One of the most troubling trends in the world of automobile safety has been the sustained national increase in car accident deaths since 2020, despite an overall decrease in the number of miles that people are driving every day. According to a report by the New York Times, the national death rate on our roads has surged by 20% since 2019, which is the worst increase since the 1940s.
Locally, in Dutchess, Orange and Ulster Counties, the car accident death trend is less pronounced, but vehicle deaths are slightly up from pre-pandemic levels.
In 2021, we wrote about these trends. At the time, traffic safety officials surmised that fewer cars on the road during COVID-19 lockdowns meant that drivers had a higher average speed, paid less attention, and took more risks while driving.
Since vehicle deaths have continued to increase despite auto traffic coming back to normal, the recent New York Times report adds onto this thesis.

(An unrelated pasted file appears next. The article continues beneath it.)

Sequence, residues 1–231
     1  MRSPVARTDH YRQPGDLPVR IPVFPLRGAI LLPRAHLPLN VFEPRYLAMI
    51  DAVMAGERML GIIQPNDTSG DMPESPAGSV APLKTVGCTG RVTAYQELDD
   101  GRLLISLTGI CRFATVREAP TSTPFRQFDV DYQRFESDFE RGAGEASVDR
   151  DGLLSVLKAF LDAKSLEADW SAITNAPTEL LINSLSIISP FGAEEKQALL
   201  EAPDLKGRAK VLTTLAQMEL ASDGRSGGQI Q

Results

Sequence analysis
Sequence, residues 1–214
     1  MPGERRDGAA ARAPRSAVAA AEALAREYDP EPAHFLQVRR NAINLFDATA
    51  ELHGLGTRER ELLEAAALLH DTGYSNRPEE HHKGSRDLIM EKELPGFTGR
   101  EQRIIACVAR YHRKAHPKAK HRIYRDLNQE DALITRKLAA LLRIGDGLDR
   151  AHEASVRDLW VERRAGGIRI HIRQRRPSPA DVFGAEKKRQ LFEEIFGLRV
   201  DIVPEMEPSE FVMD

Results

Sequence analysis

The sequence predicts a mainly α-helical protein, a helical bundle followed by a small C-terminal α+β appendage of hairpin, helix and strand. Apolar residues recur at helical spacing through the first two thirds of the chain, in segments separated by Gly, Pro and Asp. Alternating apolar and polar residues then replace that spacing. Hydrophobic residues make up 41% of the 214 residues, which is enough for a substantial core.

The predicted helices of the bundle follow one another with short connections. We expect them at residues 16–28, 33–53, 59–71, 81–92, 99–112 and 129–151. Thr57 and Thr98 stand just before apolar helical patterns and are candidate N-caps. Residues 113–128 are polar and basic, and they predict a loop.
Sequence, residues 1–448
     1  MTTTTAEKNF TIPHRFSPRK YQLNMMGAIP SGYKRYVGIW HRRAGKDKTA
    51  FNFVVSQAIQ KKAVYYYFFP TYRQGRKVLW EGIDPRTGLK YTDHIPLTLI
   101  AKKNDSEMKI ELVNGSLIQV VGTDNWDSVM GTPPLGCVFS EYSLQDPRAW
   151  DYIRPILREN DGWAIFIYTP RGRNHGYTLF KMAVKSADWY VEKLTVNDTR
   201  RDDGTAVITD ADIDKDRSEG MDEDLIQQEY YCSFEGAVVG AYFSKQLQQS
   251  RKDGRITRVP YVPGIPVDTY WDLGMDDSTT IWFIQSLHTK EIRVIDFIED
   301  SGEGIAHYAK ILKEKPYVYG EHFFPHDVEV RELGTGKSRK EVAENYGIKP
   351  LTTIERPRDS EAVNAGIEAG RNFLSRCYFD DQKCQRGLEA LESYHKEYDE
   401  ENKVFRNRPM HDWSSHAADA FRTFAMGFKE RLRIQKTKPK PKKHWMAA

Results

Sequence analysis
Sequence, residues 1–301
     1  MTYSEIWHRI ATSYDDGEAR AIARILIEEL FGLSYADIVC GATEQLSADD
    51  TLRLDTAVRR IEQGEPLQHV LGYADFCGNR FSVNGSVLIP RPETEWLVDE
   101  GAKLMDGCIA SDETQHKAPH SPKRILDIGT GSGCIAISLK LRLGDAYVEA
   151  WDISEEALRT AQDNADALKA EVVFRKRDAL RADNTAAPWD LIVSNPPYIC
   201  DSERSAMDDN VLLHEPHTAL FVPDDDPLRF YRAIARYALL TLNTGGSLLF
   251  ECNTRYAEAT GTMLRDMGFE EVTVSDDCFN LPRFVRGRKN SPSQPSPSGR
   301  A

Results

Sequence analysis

“The most plausible remaining theories tend to involve the mental health problems caused by Covid’s isolation and disruption. Alcohol and drug abuse have increased. Impulsive behavior, like running red lights and failing to wear seatbelts, also seems to have risen (as my colleague Simon Romero has reported). Many Americans have felt frustrated or unhappy, and it seems to have affected their driving.”
“One encouraging data point that’s consistent with this theory: The most recent data shows that vehicle deaths declined modestly this spring, as Covid restrictions continued to recede.”
According to the most recent data from the Institute for Traffic Safety, Management & Research, most auto accidents in the Mid-Hudson Valley are caused by driver inattention or distraction, following too closely, failing to yield right-of-way, or passing lane maneuvers.
Other dynamics since the advent of COVID-19 have changed the world of personal injury law. Although the laws for obtaining compensation after being injured in a car crash remain the same, the American Property Casualty Insurance said last year that:
- The costs of accidents are surging due to supply chain issues and inflation
- Rental cars are harder to come by after an accident
- Fatalities have increased
- The cost of medical care is outpacing inflation
- Bodily injury severity has increased due to more serious accidents
- Purchasing a replacement vehicle is more expensive
- Repairs take longer due to supply chain issues